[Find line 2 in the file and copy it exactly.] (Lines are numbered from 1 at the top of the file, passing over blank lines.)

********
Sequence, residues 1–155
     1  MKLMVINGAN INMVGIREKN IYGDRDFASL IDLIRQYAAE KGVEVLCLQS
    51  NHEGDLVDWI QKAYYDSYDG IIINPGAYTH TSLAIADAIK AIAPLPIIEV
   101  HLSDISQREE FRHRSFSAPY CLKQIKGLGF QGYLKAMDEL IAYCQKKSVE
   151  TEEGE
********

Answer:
     1  MKLMVINGAN INMVGIREKN IYGDRDFASL IDLIRQYAAE KGVEVLCLQS